A Flexible Toolkit Increases Your Impact: (With video) Omidyar Network shares lessons learned from the impact Investing field (Pt 3)
Editor’s note: This is the third in a series of four posts. Please check out additional articles below.
Being able to use a range of tools — from traditional for-profit investments to grants, and everything in between — benefits our ability to achieve impact in a number of ways.
When considering individual deals, for example, it allows us the flexibility to think creatively about what kind of investment would best support the work of our investees. For example, when we first invested in Bridge International Academies (a company delivering low-cost quality education to the poor in urban Kenya), it was an untested business model in a very risky market environment. Convinced of the firm’s potential to create a new industry sector with massive impact, we invested through our foundation using a program-related investment (PRI). Bridge’s model quickly gained traction and their next round of funding came from more commercial investors who didn’t want to be limited by foundation investing constructs. We were able to shift tools and do a more traditional commercial investment to participate alongside these funders in Bridge’s second round.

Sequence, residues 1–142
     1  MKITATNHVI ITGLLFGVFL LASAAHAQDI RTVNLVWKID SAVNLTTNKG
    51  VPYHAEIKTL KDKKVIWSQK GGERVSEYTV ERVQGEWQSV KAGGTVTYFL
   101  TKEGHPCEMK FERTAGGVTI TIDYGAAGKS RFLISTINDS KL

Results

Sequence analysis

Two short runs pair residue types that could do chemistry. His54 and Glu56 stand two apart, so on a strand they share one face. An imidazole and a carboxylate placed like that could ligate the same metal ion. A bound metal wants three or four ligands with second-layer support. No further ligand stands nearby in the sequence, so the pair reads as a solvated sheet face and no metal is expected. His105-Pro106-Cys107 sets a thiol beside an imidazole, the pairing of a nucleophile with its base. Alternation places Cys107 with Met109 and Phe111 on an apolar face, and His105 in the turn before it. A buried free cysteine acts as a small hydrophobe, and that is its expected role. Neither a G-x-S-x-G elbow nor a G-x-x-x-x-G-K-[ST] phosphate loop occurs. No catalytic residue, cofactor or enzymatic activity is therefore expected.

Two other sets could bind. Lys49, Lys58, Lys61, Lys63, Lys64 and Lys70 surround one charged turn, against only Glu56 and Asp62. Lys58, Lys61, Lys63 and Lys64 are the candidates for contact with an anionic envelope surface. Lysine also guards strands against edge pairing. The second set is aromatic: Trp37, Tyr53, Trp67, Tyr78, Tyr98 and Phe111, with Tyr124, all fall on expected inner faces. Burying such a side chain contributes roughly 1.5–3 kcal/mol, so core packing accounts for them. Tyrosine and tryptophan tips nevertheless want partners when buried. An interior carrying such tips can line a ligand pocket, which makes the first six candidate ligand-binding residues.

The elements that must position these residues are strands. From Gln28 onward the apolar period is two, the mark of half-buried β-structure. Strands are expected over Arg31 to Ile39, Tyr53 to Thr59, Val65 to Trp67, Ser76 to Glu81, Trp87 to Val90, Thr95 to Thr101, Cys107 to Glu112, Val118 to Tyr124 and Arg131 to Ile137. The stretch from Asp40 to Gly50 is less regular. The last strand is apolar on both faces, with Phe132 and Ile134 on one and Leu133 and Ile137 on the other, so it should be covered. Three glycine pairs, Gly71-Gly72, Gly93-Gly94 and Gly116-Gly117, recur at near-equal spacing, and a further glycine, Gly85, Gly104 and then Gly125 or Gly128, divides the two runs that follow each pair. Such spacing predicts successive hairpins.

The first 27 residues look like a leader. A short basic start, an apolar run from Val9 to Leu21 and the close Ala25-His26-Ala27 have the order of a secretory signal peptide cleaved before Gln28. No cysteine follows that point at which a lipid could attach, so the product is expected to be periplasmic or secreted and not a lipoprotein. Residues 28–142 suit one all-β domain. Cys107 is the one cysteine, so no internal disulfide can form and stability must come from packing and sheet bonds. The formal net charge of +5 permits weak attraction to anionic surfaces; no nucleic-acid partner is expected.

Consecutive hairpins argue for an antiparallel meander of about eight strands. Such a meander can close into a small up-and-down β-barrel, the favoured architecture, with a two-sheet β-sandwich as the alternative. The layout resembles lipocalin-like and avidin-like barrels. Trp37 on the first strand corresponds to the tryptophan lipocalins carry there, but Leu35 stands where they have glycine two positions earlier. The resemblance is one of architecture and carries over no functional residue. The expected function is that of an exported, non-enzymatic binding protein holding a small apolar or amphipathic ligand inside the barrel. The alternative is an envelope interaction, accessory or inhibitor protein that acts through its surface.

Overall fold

No matter what structure you use to do impact investing – be it a stand-alone fund, a foundation, or a family office – you likely have access to a broader toolkit than you think. Luther Ragin, Jr., CEO of the Global Impact Investing Network, applies this concept of flexibility to the private foundation world, disagreeing with the idea that foundations are so inherently limited that they cannot engage a full financial toolbox. He argues this conviction is based more on limitations that come from the habit and culture of traditional philanthropy, and there is actually far more that can be done.